May 30th, 2015 | Edited by Zoran Stosic | hardware
Three years after swearing off Windows Phone, LG is back with a budget handset for Verizon Wireless.
The LG Lancet has a 4.5-inch display with 854-by-480 resolution, a Qualcomm Snapdragon 410 processor, 8 GB of storage (with MicroSD expansion), an 8-megapixel rear camera, a VGA front camera, and a 2,100 mAh battery.
Those specs put the Lancet squarely on the low end of the smartphone spectrum, but it has a price to match. Verizon is charging just $120 for the phone without a contract, or you can get it with a two-year commitment for $20.
For software, the Lancet runs Windows Phone 8.1, but LG is also borrowing some features from its Android phones. For instance, users can wake or lock the phone by double-tapping on the display, and can snap a selfie with a hand gesture. A Quick Memo application lets users take notes or capture the screen during phone calls.
The Lancet is available now through Verizon’s website. If you’re looking for a new high-end Windows Phone, it’s not going to happen until Windows 10 arrives this summer.
The story behind the story: LG was one of the first Windows Phone manufacturers in 2010, but a few years ago the company publicly declared that it would stop supporting Microsoft’s platform, citing a lack of meaningful market share. While Windows Phone is still far behind iOS and Android, Microsoft’s hardware reference design and support for on-screen buttons now makes it easier for phone makers to turn their existing Android handsets into Windows Phone variants. That seems to be the case here, as the Lancet is very similar to one of LG’s recent low-end Android phones, the Leon.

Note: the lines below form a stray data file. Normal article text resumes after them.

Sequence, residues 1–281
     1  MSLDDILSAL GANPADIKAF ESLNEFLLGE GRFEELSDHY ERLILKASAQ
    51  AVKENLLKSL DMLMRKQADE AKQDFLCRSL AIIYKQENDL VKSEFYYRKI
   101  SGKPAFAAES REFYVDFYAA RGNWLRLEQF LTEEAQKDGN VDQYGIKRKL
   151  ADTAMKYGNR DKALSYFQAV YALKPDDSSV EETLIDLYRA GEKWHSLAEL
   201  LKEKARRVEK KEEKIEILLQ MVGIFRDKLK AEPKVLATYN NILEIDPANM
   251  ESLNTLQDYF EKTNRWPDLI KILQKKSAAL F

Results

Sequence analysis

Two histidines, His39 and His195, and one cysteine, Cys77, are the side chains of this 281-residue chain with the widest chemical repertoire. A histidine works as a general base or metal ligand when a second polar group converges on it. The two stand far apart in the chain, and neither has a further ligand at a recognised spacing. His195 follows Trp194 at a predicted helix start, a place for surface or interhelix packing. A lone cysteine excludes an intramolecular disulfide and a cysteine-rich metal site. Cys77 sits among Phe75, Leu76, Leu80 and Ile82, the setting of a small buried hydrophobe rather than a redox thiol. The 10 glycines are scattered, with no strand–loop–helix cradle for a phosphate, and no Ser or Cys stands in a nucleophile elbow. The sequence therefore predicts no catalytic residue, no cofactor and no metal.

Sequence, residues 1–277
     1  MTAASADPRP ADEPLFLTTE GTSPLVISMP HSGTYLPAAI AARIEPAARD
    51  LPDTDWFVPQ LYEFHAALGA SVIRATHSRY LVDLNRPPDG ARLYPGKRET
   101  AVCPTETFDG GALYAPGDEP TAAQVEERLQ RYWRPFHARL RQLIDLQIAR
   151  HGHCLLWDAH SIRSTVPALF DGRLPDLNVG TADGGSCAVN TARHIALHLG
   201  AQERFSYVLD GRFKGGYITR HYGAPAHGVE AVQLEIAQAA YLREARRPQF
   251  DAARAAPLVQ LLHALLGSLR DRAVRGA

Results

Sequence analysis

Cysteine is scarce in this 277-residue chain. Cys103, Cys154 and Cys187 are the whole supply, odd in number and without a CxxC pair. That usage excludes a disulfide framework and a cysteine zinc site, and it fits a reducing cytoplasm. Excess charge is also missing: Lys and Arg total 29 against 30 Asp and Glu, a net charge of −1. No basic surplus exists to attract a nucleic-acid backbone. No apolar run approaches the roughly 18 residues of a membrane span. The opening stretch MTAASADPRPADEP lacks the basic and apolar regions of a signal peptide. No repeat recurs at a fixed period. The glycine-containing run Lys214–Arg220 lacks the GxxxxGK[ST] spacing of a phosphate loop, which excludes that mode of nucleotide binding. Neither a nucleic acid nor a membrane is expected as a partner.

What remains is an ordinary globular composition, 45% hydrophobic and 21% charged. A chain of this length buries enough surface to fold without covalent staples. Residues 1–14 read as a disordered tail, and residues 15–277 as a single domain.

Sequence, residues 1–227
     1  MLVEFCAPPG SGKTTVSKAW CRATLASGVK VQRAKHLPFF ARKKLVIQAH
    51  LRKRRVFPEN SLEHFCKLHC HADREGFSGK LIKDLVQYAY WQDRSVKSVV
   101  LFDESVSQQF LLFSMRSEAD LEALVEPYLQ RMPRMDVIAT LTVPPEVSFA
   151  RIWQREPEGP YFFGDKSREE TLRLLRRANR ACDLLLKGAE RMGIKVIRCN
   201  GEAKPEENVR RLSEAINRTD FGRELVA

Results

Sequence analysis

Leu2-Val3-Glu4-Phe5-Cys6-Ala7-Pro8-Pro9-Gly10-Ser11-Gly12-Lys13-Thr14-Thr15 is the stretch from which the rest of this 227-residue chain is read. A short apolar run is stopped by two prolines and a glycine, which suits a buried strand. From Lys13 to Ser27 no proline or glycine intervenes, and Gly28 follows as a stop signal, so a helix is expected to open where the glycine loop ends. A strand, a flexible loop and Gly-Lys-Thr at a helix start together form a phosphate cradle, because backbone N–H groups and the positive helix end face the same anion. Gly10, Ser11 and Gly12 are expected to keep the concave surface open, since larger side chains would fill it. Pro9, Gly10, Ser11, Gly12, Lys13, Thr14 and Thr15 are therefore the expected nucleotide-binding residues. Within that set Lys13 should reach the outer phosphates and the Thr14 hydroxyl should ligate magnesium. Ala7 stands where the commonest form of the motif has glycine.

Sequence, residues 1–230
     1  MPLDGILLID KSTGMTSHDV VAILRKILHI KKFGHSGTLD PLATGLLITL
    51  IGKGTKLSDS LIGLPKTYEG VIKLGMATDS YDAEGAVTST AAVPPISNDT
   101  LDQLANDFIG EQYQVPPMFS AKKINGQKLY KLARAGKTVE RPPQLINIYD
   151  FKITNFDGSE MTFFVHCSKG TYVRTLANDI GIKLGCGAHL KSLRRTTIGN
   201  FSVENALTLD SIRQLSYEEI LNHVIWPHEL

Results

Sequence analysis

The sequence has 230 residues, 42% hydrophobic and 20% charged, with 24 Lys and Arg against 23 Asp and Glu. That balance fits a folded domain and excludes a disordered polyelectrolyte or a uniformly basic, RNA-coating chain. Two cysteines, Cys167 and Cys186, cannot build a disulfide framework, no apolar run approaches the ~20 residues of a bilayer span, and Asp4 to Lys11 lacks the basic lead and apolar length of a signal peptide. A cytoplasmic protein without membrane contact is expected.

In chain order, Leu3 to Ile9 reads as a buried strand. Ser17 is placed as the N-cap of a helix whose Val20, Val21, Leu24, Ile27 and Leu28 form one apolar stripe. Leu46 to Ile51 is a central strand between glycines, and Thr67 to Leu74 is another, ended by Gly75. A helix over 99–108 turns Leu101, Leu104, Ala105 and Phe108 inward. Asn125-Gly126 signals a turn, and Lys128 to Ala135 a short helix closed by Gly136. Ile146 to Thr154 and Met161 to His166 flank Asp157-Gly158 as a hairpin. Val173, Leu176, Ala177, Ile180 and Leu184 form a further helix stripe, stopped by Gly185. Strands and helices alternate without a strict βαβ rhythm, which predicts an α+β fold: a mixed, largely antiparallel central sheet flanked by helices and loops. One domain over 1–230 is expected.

October 12th, 2013 | Edited by Zoran Stosic | hardware
LG has announced it is to start mass-production of what it calls the “world’s first flexible OLED [organic light-emitting diode] panel for smartphones”.
The South Korean firm said it hoped to start selling the first handsets to feature the tech next year.
The news comes weeks after Samsung made a similar announcement.
Samsung said it intended to launch its first product – a special edition of the Galaxy Note 3 – later this month.
Both companies already use the technology to offer curved OLED television sets.
Although the displays used in the TVs are in theory “flexible”, they are mounted in fixed shells so they cannot be bent or otherwise re-shaped by the owner.
A press release from LG’s display division indicated its handset screen would curve from top-to-bottom rather than side-to-side, the design Samsung described in a recent patent.
It said the advantage of using the tech was that the panel was “bendable and unbreakable”.
“The new display is vertically concave from top to bottom with a radius of 700mm [28in], opening up a world of design innovations in the smartphone market,” LG added.
“What’s more, it is also the world’s lightest, weighing a mere 7.2g [0.25oz] even with a 6in screen, the largest among current smartphone OLED displays.”
One industry watcher was not convinced the product, as described, would have much appeal.
“I think LG is doing this to show it is innovative, to do something different and to stand out from the rest of the bar-style screen devices that we have at the moment,” said David McQueen, a mobile device expert at tech consultants Informa.
“But I don’t think consumers are going to be that interested by a slightly curved design.
“However, we do think there will be interest if flexible screens are used to offer different form factors.
“For example a device that you snap round your wrist or a traditional shaped smartphone whose screen wraps around the sides onto a bit of the back so that the edges become touchscreen rather than hard buttons.”